Namco Museum 50th Anniversary Arcade Collection
What is it about those old arcade games that keeps us coming back decades later? For some it is pure nostalgia, but what about those who didn't spend their younger years in an arcade? I know people who didn't set foot in an arcade until they were adults, yet they still love these games. Perhaps it comes from the fact that games are our passion, and these are our roots. Whether it be acknowledging the games that started it all or reminiscing about a misspent youth dropping our hard-earned quarters into games like Pac-Man, Galaga and Pole Position, there is no denying that these games hold a special place in gamers' hearts.
One of the companies that kept us in a pellet-munching-induced daze was Namco, creator of some of the most memorable arcade games. The company is celebrating their fifth decade in the entertainment business, and to commemorate this achievement they released Namco Museum 50th Anniversary, a compilation containing 14 of their most memorable classics. Well, most of them are memorable anyway. I'm still not sure what to think of Mappy.
Namco Museum 50th Anniversary is a great collection of some of the most beloved arcade games, but there isn't much that sets it apart from any of the other Namco collections that have been released over the years. This made it hard to judge the game due to the fact that it is a mixed bag of joy and disappointment. On the one hand, I was let down by the lack of presentation. Most of the games can be found on previous releases, the menu is boring and there is no additional content. Other compilations on the market (which, as of late, has been flooded with arcade collections) feature more games and plenty of bonus content, including game histories and developer interviews. While Namco offers gamers the opportunity to "explore a virtual arcade," this consists of viewing the games in their original cabinet. There is no arcade atmosphere to it, save the few 80's songs that play and the blipping and bleeping of the games. I would like to have seen an actual arcade, dark and with lots of blinking lights, maybe a mini-game where you actually insert the quarter. An actual arcade setting would have made the experience more enjoyable.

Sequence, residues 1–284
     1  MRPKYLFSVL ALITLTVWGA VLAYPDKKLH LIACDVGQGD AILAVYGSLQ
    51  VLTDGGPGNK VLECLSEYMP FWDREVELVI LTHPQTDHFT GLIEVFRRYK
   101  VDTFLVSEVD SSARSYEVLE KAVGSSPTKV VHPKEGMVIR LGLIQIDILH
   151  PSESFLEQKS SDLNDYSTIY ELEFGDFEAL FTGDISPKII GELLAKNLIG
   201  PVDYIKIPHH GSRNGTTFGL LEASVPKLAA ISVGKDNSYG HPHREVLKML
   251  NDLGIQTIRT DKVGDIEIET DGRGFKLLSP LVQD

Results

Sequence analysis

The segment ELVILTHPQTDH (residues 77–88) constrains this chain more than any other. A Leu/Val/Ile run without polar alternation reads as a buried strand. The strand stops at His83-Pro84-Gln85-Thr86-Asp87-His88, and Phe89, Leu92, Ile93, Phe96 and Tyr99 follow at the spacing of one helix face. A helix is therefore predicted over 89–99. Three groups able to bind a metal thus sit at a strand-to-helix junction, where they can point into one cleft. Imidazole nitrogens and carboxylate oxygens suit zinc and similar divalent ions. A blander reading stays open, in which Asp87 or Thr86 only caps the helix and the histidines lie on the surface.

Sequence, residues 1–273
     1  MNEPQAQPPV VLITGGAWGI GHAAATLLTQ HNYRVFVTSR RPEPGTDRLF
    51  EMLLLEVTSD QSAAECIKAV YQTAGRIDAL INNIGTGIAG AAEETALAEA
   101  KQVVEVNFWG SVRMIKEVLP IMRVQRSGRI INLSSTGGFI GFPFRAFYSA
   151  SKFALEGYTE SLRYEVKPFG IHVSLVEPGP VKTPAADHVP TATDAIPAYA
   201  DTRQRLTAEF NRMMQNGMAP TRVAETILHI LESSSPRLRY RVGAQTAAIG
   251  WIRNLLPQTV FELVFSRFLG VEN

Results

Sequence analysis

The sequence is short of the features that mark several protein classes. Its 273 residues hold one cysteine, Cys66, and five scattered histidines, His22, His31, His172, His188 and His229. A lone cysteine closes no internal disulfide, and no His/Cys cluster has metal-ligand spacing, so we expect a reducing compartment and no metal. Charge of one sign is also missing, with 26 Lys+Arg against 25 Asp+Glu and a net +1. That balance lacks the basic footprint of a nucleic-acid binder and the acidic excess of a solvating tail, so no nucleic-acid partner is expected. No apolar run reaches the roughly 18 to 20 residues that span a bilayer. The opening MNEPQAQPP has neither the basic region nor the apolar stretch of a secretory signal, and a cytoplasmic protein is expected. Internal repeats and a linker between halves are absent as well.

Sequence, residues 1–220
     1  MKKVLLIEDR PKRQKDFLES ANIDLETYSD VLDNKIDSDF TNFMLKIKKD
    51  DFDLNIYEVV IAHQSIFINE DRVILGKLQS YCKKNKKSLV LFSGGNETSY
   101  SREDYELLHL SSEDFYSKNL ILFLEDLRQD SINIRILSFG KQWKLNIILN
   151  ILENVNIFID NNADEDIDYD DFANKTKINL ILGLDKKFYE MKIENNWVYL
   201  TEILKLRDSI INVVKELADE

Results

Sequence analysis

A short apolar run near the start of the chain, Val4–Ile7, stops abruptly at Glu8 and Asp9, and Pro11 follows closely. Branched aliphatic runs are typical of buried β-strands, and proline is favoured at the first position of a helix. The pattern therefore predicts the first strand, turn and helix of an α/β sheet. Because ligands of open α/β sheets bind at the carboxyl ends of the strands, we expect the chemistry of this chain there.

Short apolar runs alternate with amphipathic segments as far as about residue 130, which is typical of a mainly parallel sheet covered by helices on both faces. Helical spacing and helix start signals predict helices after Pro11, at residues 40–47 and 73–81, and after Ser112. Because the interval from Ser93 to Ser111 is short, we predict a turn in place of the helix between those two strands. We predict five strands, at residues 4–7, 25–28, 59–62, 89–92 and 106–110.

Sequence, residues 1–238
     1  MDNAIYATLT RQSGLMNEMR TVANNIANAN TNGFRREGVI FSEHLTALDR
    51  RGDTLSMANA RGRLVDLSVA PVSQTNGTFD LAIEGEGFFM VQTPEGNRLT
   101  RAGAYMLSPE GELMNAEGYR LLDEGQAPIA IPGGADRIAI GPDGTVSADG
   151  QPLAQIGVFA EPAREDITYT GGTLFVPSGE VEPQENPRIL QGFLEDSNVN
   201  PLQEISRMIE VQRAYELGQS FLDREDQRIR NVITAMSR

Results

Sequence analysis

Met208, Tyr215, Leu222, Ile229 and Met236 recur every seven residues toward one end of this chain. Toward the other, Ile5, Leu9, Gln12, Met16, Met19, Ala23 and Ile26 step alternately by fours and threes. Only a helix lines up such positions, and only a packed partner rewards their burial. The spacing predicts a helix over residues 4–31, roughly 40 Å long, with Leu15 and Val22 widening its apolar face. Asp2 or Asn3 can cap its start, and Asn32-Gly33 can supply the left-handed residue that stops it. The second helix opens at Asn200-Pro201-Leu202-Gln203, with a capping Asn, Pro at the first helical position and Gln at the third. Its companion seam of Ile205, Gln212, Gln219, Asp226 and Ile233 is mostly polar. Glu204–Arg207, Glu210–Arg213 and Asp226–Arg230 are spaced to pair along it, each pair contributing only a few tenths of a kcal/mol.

On the other hand, I was completely giddy at the prospect of playing some of these long-forgotten favorites, and it was easy to forgive the shortcomings of the overall package. Some of my favorite games are on this disc, and I completely enjoyed running down memory lane with the likes of Ms. Pac-Man, Galaga, Dig Dug, Rally-X, Pole Position, Bosconian and Rolling Thunder.
There are two other games that are not mentioned on the disc, Galaga '88 and Pac-Mania, and you open them by achieving a certain score on some of the other games. The high scores they set are rather low, and anyone who has ever held a joystick could pull off these scores blindfolded.
As far as the technical aspects of the game, the games are a good emulation of the originals. The menu is a bit awkward though, and it requires you to start a game before you can exit it. So, for example, when you are done chomping on pellets and ghosts, you have to start a new game just so you can pause and exit to the main menu. This is inconvenient, and there should have been a simpler way. The load times getting back to the main menu are long enough that you could run to an arcade and play through several levels of Galaga.
Namco Museum 50th Anniversary could be scored lower due to the fact that it just doesn't give us anything new. There is no bonus content, no cool menu, no spiffy packaging and only a couple of games more than previous Namco collections. I prefer to keep my fond memories. However, the price on the game is the same as previous Namco Museum that was released a couple of years ago, so it isn't like Namco is trying to stiff you by charging more for their Anniversary collection. The game does lose some points for the lack of presentation, but it is still full of games that are incredibly fun to play.